Saturday, August 29, 2009

Jojo Was A Man Who Thought He Was A Photographer

Time for a few basic SketchUp photography tips.

Having problems with your SketchUp building photo shoots? We can work it out. Here is a list of some fab tricks that make life easier.

1) Get back. If you are on a long and winding road, (or any other road) get back as far as possible from your subject, and zoom in if you have a zoom lens. This eliminates much of the "fisheye" distortion that makes your textures look bow-legged like this:
( ) rather than this: | |

2) All you need is... proper exposure. Avoid backlighting by manually exposing for a lower part of the building, then shooting the higher parts against the sky. Backlighting is what happens when the bright sky causes your building to look too dark in the photo. You need to override the camera's automatic tendency to expose for that bright sky (see your camera manual).

3) Cry for a shadow? Some prefer to shoot on bright, cloudy days to avoid hard shadows. Others desire those shadows and will rapidly move around the building(s) on sunny days to capture this dazzling sunlight in a consistent pattern on all surfaces for an ultra-realistic appearance.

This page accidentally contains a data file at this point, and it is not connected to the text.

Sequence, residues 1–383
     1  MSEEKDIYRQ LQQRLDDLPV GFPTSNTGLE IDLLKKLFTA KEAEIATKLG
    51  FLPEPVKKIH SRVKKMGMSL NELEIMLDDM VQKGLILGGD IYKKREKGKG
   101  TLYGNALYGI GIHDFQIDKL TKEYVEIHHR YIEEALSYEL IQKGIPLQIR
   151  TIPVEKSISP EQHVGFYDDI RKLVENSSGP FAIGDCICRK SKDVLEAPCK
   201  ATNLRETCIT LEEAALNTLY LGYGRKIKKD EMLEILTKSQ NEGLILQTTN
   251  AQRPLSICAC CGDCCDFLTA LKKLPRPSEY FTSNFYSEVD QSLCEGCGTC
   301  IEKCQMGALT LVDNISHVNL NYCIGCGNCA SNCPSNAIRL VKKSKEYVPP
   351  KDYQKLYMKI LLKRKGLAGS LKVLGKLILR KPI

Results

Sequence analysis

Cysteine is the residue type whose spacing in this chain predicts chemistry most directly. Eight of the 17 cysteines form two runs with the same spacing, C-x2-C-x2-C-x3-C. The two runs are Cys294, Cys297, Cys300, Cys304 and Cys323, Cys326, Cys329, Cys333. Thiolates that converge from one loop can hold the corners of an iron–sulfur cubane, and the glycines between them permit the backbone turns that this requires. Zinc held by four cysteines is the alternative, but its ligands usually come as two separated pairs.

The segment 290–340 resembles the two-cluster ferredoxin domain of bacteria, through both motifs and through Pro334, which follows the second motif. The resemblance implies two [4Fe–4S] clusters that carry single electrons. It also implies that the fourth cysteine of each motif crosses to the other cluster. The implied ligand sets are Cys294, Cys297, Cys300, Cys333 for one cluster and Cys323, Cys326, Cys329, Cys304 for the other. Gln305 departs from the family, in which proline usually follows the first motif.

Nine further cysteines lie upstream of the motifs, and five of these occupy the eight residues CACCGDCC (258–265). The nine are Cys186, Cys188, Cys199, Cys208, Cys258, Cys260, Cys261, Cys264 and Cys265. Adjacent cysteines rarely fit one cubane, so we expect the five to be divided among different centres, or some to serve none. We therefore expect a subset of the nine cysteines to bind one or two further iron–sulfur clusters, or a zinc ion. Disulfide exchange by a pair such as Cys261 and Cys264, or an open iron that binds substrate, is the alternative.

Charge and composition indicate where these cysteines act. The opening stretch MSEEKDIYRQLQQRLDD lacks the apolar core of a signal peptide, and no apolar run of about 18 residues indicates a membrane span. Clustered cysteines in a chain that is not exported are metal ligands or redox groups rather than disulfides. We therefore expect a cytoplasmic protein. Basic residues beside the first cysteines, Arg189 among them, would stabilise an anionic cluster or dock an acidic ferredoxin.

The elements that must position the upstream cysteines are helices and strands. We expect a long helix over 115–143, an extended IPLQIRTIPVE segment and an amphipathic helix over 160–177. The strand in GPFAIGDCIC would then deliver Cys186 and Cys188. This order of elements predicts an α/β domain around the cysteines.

I sometimes use Google Street View (easy to do using Picasa for screen capturing). In Street View the shadows are sometimes hard and the sunlight is crisp but I think it looks good when several adjacent buildings are modeled from the same light source (which is totally possible with Street View).

In other cases I have painted textures "from scratch" when photos were not good enough. There are many approaches, and in my life I've loved them all. Just "don't make it bad" is my motto.

Advanced tip: If you have Photoshop CS2, look in this menu: Image> Adjustments> Match Color. This may help you to match colors in photos. Ta fe read'n this! (Thanks for reading this)